Iranian protest held this week on campus

Iranians living in Eindhoven are tired of standing by, watching helplessly as human rights are abused in their home country. Since the death of Mahsa Amini, an Iranian woman, there has been unrest in Iran and demonstrators are being dealt with harshly. Sixteen Iranians, many of whom are students or PhD candidates at TU/e, are drawing attention to the situation by putting on six different performances, at various places across the campus. Today saw the first, held at Flux.

Mahsa Amini died on September 14th after having been picked up by the religious police. In response to the protests that followed, the government switched off the internet. This has major consequences for Iranians outside the country. “We no longer have any contact with family, we aren’t getting any news from our country,” says campaigner Sharareh (her surname is omitted here but known to Cursor, ed.). On her smartphone, she shows that the WhatsApp group for Iranians living in Eindhoven has 1381 members. She estimates that certainly more than a hundred of them are connected to TU/e.

Sharareh, who doesn’t work at TU/e, is joining friends this week to hold six performances. The first took place today, Wednesday September 28th, at the entrance to Flux. She played Iranian music and then took on the role of Amini, who didn’t live to see her twenty-second birthday because allegedly she did not adhere to the dress code for women imposed by the religious police. The performance consisted of a ‘battle’ between liberty and the covering of mouth and eyes. By her own account, two-hundred people in Flux witnessed the performance. A pamphlet explaining recent events in Iran was available to those who wanted it.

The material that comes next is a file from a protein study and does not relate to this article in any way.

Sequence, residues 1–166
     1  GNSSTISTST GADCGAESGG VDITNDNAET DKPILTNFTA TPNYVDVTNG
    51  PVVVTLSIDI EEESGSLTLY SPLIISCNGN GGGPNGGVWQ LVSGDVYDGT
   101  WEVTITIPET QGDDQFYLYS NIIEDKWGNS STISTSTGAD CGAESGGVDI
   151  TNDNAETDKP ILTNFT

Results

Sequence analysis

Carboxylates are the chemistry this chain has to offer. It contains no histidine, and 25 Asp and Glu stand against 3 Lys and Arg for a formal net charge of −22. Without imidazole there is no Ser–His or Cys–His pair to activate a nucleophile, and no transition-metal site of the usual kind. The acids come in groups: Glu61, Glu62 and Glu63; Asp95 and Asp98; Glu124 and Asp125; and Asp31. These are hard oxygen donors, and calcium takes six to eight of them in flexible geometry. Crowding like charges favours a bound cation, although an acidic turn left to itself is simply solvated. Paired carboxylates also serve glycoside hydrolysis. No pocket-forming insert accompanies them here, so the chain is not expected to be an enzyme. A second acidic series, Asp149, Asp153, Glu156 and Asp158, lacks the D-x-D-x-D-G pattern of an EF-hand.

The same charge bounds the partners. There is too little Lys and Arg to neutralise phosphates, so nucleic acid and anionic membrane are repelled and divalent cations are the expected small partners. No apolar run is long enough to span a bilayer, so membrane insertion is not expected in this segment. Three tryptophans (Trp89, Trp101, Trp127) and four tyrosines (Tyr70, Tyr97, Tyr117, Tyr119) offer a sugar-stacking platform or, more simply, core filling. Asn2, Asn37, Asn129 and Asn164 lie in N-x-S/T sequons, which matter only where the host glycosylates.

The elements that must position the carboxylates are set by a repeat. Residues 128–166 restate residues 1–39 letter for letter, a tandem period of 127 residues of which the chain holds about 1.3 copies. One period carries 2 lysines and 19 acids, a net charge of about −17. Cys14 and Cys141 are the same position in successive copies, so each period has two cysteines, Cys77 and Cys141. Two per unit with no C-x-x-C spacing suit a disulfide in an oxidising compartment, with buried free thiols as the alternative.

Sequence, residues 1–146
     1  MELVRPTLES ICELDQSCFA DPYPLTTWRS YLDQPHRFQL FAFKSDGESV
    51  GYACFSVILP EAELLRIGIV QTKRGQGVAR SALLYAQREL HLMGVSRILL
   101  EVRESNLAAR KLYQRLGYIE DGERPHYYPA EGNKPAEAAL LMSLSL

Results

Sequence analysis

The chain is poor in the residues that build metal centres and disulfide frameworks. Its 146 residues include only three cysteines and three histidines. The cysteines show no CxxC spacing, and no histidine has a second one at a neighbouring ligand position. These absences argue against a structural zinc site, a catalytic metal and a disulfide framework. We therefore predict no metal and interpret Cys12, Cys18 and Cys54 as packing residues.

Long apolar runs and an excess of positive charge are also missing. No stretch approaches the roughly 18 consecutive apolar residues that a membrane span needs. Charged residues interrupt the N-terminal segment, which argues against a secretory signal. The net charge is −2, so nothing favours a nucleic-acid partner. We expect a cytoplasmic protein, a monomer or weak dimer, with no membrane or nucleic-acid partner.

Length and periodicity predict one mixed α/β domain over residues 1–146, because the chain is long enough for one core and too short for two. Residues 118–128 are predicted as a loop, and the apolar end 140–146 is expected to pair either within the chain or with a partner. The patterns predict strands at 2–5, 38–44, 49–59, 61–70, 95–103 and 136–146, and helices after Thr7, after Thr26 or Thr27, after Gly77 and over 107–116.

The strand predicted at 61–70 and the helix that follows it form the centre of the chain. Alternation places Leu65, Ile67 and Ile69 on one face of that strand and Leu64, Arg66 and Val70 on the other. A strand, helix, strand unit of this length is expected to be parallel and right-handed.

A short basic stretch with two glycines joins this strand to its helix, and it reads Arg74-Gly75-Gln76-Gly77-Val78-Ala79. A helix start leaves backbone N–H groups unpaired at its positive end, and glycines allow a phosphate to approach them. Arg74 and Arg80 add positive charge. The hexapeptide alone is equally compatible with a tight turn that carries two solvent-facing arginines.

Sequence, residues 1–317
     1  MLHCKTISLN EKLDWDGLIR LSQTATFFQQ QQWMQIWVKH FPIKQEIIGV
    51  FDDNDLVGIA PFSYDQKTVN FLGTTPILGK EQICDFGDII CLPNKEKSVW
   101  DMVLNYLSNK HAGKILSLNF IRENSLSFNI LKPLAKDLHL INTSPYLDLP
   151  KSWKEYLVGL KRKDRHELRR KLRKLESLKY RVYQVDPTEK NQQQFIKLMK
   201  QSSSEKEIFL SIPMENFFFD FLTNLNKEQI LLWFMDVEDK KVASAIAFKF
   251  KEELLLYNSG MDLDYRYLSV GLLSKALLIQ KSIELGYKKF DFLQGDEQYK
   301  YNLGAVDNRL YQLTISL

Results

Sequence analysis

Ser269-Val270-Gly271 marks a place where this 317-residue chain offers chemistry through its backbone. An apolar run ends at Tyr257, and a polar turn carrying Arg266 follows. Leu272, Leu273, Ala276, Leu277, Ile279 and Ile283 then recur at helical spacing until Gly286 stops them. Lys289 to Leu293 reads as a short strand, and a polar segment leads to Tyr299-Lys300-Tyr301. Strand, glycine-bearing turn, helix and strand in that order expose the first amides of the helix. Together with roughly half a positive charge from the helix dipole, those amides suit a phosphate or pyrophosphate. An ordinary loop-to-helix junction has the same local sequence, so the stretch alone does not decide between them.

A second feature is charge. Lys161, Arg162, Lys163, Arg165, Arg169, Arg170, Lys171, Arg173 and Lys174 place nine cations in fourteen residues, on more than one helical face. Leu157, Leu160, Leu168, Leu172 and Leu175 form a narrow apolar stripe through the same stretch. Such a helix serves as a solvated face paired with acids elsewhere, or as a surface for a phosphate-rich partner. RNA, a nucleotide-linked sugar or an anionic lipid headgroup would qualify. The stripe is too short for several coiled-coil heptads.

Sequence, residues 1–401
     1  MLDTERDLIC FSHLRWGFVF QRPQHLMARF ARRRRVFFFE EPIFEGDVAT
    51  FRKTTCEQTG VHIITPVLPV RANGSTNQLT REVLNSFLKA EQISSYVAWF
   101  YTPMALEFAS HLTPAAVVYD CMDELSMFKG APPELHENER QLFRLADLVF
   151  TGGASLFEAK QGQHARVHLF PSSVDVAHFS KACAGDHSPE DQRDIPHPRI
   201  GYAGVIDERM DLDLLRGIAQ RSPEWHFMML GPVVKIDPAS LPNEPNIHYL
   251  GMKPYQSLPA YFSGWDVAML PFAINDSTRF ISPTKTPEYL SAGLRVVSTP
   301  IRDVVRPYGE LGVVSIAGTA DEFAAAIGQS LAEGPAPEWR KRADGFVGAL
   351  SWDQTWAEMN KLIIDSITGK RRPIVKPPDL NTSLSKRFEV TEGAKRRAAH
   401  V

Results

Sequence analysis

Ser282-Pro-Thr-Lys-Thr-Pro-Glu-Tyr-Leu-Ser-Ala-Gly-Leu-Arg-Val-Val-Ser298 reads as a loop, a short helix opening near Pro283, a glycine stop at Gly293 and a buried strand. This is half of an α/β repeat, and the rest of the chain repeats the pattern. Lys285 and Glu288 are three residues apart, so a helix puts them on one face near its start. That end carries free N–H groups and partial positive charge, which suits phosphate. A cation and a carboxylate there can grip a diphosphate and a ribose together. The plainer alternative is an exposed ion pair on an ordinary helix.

Every day performances will now be held at a different building. Tomorrow at Gemini, Friday at Helix, next week Monday at Vertigo, Tuesday at MetaForum, Wednesday at the Auditorium and Thursday in Atlas. Each day, throughout the lunch break, the protest group will act out a different scene from Iran. Sharareh is considering whether to include an execution among the scenes.


As well as immediate passersby, the group is also keen to reach the Executive Board. An Iranian PhD candidate, working at Electrical Engineering, would like Iranians to be treated in the same way as Ukrainians. “It is difficult to draw a comparison, but as in Ukraine, people are now dying in Iran, are having to flee the country. When that started in Ukraine, there were blue and yellow flags all over the campus and help was offered.” The campaigners sincerely hope that Executive Board President Robert-Jan Smits drops by during a lunchtime performance.

The group is asking three things of the TU/e community. “Come to our final performance on October 6th in the hall of the Atlas building. Write about the Iranian protests on social media and use the hashtag #MashaAmini. Talk with journalists and politicians to exert pressure to stop the repression of the Iranian people.”

Although their personal circumstances are very difficult, the protest group is not without hope that things will improve in Iran. A PhD candidate resident in Eindhoven for the past three and a half years tells Cursor that he cannot go back to his home country. “I took part in protests and was arrested for doing so.” His friend adds: “The street protests in Iran are now stronger than ever. No dictatorial regime can exist forever. We hope that eventually this one ends.”

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